Toxicity Assessment of Co-Culture Human Systems
The inadequacy of animal models to predict human biology in the drug development process is becoming increasingly clear, due to species differences in uptake and metabolism at both cellular and organ levels.
As a result, there is a need for more human model systems to be incorporated earlier in research and development.
Innovative concepts such as “body on a chip” have been introduced, but the complexity and miniaturization of many of the formats has limited applicability on a commercial scale.
SciKon is developing tools that better recapitulate biological systems in bench-top cell culture formats, which are amenable to mass manufacturing (introduced recently in the post Cell Signaling isn’t static…your cell culture shouldn’t be either!).
The SciFlow 1000 Fluidic Culture System is engineered to connect 10-wells of each row in a 96-well plate together with a microfluidic channel. This system sequentially links wells together to form a cascade of cell chambers through which drugs or toxicants can be applied. Using a fluorescein tracer molecule we demonstrate that exposures in the fluidic system were non-linear and shaped similarly to an expected plasma curve in vivo. Drugs interact with cells in the upstream compartments (e.g. liver cells) creating metabolites (active drugs) that will mix and interact in downstream wells (e.g. cancer cells) forming a parent-metabolite gradient in a time-resolved and inverse concentration gradient fashion. Such a system enables concentration by time kinetics of toxicity measurements in a more life-like environment.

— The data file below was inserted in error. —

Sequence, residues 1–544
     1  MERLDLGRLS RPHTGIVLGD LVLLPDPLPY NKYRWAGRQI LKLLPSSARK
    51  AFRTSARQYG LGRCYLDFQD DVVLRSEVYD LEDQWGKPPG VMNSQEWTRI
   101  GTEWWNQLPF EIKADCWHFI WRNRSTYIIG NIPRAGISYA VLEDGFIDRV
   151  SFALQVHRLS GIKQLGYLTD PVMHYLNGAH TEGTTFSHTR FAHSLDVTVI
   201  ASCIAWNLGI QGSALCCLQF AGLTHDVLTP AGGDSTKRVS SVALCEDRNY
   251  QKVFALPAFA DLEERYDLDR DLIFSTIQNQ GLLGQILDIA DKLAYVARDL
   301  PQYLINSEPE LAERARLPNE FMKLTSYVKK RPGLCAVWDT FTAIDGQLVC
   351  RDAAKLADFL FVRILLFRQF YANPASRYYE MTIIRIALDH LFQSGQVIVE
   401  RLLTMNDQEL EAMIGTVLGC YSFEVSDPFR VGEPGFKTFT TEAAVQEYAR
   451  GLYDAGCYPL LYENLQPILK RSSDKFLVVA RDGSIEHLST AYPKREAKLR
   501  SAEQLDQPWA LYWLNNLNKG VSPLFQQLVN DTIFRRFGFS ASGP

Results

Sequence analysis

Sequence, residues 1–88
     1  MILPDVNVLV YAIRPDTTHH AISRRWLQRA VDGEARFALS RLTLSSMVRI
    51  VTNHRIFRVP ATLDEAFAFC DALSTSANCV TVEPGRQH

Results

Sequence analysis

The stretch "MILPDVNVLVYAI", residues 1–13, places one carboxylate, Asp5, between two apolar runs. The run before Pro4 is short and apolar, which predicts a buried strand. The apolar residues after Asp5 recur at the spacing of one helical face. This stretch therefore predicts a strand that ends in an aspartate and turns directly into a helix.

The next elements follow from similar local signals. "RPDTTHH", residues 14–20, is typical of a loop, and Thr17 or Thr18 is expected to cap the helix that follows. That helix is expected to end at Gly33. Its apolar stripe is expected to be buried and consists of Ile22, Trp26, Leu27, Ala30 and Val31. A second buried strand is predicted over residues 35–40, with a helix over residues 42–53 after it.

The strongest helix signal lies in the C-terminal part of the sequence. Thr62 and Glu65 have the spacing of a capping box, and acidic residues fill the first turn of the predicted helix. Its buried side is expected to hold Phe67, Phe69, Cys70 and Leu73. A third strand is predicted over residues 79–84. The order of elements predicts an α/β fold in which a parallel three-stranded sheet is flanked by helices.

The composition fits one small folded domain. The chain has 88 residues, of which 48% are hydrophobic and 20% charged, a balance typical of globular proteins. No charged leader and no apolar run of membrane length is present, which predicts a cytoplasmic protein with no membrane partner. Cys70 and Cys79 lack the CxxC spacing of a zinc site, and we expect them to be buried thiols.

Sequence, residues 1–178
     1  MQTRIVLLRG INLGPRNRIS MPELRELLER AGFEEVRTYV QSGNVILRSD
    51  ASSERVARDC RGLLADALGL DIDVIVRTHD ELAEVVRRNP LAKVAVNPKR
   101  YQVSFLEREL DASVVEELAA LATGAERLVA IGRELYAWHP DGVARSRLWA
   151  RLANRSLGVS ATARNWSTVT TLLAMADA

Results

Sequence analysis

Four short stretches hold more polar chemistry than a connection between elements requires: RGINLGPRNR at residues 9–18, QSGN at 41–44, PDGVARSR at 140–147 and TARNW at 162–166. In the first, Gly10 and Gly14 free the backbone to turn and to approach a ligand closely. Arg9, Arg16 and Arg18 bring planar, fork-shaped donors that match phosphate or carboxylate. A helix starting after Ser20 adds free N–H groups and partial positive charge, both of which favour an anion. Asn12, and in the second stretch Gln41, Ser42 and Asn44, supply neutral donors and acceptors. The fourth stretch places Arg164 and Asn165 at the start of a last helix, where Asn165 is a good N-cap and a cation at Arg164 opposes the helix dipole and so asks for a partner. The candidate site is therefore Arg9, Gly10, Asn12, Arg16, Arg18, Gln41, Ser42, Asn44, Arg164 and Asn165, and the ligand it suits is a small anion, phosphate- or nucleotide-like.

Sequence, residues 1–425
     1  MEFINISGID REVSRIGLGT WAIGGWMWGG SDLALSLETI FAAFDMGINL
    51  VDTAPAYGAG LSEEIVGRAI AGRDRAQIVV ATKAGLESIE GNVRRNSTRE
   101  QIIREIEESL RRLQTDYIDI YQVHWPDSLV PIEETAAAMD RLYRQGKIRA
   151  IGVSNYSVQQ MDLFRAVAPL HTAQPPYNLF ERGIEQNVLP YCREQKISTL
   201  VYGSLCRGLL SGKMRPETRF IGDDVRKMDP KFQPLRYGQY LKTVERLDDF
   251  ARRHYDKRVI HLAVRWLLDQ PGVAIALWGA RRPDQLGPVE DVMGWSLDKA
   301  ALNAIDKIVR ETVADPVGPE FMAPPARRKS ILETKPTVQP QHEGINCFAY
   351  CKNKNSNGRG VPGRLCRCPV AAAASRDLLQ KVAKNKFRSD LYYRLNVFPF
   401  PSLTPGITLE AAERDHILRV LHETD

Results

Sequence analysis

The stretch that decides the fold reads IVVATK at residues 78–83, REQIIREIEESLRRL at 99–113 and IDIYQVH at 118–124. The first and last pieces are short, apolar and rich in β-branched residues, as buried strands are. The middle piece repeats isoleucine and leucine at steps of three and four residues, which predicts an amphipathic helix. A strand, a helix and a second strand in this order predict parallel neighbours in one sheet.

Many chemotherapeutic drugs require bioactivation before they reach full potency. This bioactivation is accomplished through many different mechanisms, but is frequently accomplished in the liver before the drug enters circulation. We studied the bioactivation of seven chemotherapeutic drugs by liver cells and measured the resulting chemotoxicity on a human cancer cell line using the reagent CellTiter -Glo™.
Download the poster presented at SOT2016 and see how the feasibility was demonstrated of creating a multi-organ system capable of testing for the ability of a human liver cell line to activate panel of chemotherapeutic drug.